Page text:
• Get plenty of natural light to help combat the “winter blues.” As the days shorten and you begin to suffer from sunlight withdrawal, some believe that natural light, such as sunlight, can lift low spirits. In the middle of winter, most people go to work when it’s still dark and come home when it’s dark.
  • Have a winter project other than your studies or work. This would be a good opportunity to start reading (or maybe writing) that big fat novel you’ve been putting off.
  • Snow needs to be shoveled and managed. If you live in off-campus housing, make sure you have a bag of salt or sand for your sidewalks to make them less slippery and more snow and ice free. You will also want to have a STURDY snow shovel on hand. Talk to your landlord about both—well before the snow hits. Car owners will need to have a heavy-duty ice scraper, preferably with a brush. When parking in your neighborhood, take note of street signs that warn about no parking because of snow removal (you don’t want to get ticketed or towed). Northfield has a parking ban in place from midnight, November 15 until April 15th. The ban is in place every night on any village or town street from midnight to 6 a.m.
  • After winter comes spring. Remember that it will get warmer and lighter and greener again, so refer back to this list as often as necessary and make the most of winter while you can.

Suggested Winter Clothing List

Clothing

  • Warm socks (natural fibers like wool or cotton are good choices)
  • Gloves (mittens or gloves; should be waterproof if meant for throwing snowballs; look for cashmere or thinsulate lining)
  • Scarf (very fashionable and functional)
  • Warm hat
  • Earmuffs
  • Warm coat/waterproof warm jacket (down-filled and thinsulate are two of the warmest linings; a longer coat is warmer)
  • Warm boots/waterproof boots (look for a good grip soles)
  • Turtlenecks or long-sleeve shirts
  • Sweaters
  • Fleece Shirts
  • Thermal long underwear/tights (to wear underneath jeans; silk thermal wear is lighter and less bulky than cotton ones
  • Fleece/flannel pajamas

Essential Items

  • Lip balm (ChapStick or other brand; voted #1 essential item)
  • Hand/body lotion (try Curel, Euricen, or Nivea brands)

For Cadets

You will be issued winter uniforms (including outerwear). Your civilian clothing needs will be minimal in your first semester at Norwich, however, please plan ahead if you will not be going home over the winter break. You will have little storage space and you may want to have a pre-packed box of winter clothes that your family can mail you after your first semester.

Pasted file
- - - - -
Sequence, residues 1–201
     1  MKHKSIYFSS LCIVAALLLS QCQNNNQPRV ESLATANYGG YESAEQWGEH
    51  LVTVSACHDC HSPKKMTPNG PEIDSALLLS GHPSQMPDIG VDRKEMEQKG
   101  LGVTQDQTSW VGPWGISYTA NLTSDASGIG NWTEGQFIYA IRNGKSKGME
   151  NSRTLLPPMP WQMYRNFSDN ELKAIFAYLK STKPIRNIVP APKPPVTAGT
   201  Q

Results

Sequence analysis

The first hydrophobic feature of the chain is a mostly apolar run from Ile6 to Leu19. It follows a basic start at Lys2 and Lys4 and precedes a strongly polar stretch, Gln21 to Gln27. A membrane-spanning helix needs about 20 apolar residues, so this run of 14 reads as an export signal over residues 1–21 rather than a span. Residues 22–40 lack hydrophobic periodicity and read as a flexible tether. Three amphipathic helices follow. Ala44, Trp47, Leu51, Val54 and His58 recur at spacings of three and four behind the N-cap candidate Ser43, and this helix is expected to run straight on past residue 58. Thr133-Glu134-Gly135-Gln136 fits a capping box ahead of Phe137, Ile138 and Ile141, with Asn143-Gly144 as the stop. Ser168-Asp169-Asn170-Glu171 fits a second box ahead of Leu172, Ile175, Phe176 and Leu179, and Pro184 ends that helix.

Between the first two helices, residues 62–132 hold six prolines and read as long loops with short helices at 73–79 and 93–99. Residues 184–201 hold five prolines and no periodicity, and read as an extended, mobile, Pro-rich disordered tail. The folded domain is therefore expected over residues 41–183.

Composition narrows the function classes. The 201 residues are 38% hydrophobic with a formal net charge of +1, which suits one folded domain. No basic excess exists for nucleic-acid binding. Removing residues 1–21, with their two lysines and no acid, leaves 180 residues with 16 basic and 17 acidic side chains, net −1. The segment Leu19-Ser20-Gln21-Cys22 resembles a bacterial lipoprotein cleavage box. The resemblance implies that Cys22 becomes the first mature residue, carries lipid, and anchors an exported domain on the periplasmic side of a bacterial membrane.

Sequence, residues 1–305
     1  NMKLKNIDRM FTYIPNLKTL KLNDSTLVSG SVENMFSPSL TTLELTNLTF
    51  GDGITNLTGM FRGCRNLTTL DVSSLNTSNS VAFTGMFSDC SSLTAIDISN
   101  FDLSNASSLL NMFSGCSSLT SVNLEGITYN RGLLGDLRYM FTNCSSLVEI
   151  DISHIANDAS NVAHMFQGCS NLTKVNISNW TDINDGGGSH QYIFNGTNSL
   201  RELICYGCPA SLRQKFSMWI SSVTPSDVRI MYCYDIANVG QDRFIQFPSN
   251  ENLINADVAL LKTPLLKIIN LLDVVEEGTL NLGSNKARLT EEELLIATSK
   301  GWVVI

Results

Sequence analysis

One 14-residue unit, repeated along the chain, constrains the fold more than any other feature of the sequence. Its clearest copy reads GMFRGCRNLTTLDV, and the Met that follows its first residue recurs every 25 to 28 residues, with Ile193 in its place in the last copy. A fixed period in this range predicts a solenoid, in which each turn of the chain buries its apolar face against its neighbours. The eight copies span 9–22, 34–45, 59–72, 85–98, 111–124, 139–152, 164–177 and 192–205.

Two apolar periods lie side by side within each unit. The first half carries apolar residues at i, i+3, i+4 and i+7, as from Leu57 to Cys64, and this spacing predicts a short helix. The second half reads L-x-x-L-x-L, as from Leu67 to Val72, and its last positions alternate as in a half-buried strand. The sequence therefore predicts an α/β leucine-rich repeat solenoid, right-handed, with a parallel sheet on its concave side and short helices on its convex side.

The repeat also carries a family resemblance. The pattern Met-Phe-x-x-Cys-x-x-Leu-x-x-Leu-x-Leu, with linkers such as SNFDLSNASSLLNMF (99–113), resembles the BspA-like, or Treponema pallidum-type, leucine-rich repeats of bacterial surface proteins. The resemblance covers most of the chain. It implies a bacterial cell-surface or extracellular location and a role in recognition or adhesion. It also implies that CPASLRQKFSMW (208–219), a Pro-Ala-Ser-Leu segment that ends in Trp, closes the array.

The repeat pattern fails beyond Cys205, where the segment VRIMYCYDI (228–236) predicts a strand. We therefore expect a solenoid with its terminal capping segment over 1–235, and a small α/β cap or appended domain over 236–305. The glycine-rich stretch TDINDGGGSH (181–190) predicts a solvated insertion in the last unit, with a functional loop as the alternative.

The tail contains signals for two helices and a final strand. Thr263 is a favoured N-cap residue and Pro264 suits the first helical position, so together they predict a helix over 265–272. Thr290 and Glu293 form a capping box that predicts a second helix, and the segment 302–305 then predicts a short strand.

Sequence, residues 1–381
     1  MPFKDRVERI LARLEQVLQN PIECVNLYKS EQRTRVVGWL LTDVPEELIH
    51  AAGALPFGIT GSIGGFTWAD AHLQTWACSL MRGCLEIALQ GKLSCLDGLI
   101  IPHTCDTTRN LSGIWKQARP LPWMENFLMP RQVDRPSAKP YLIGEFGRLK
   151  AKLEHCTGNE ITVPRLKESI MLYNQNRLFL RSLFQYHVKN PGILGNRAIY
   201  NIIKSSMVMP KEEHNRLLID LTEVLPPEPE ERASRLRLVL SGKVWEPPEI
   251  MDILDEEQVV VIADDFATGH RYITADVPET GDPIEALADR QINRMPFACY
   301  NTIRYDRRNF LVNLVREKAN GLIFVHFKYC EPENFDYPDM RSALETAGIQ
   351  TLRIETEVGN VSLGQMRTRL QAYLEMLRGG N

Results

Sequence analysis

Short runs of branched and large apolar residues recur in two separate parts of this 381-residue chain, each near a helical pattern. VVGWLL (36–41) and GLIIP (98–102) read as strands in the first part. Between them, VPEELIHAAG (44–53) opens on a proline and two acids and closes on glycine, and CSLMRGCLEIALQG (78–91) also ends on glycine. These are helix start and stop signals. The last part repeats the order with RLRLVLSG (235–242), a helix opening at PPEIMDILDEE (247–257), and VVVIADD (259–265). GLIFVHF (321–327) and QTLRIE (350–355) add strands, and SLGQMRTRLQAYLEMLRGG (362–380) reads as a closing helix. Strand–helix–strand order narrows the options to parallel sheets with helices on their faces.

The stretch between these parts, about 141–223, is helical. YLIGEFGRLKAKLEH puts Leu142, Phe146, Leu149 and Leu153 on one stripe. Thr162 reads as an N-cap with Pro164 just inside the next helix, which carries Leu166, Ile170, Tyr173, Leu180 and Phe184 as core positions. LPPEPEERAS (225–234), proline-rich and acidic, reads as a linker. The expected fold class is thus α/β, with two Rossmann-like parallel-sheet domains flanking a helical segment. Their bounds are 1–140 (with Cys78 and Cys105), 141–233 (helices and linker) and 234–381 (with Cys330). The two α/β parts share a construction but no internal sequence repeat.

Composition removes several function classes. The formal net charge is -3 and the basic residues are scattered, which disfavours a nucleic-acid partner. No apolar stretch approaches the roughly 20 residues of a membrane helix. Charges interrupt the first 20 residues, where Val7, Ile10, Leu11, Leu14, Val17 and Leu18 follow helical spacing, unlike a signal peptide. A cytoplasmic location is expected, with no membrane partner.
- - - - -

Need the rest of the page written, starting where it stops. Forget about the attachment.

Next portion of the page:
Pre-Arrival Checklist

  • Complete New Student Information paperwork prior to June 1.
  • Get passport
  • Obtain Form I-20 or DS-2019 from Norwich University
  • Pay SEVIS fee and obtain I-901 receipt (for F-1 students only)
  • Bring Form I-20 and I-901 receipt, along with your admissions acceptance letter to U.S. Consulate/Embassy to apply for visa.
  • Bring documents from Consulate/Embassy with you to your Immigration port-of-entry in the United States
  • Bring copies of your admission letter, financial documents, previous schools transcripts, medical prescriptions.
  • Contact the director or the assistant director immediately if you have a problem at 1-802-485-2582 OR 1-802-486-2716

Applying for a Visa

  1. If you do not have a passport, you must obtain one from the appropriate office of your government in your country. The passport must be valid for at least six (6) months whenever you enter the United States.
  2. Carefully read all information on the SEVIS I-20 (or DS-2019 if a J) document; especially page two (2) which explains your legal responsibilities as an F-1 student while you are in the U.S.
  3. Sign page one (1).
  4. With your passport, Form I-20/ DS-2019 and SEVIS fee receipt (I-901) if applicable, go to the nearest U.S. Embassy or Consulate in your country. Most US Consulates require that you make an appointment. The U.S. Consular Officer will review your papers. Upon approval and in most cases, after a visa Security Clearance, the US Consulate will issue an F-1 or J-1 Student visa (a visa is a passport page-sized sticker with your personal visa information on it. (Note: it will be invalid if you mark or write on it.) permitting you to enter the U.S. for the purpose of studying at Norwich University.

Arrival at U.S. Port of Entry

Careful planning and preparation by international students can ensure minimal confusion and smooth entry into the country at a U.S. port of entry. As the Department of Homeland Security (DHS) has instituted some changes in U.S. entry and exit procedures, here are some points that you should remember:

  1. Plan your arrival: As an international student in F-1 status or an exchange student in J-1 status, you may not enter the U.S. more than 30 days before the program start date listed on your Form I-20/DS-2019. Before leaving your country, make sure that your passport and nonimmigrant visa are valid for entry into the U.S. The passport should be valid for at least six months into the future at all times.
  2. Documents you should carry with you:
    • Your passport with F-1 visa or J-1 visa
    • Form I-20/DS-2019 from Norwich University
      In addition, it is strongly recommended that you also have the following documentation:
    • Paper receipt for the SEVIS fee (Form I-901)
    • Proof of financial support
    • Evidence of student status, such as recent tuition receipts and transcripts or letter of acceptance as a participant in the Exchange Visitor Program.
    • Name and contact information for your International Student Advisor, including a 24-hour emergency contact number at the school (Norwich University Security 802-485-2499.)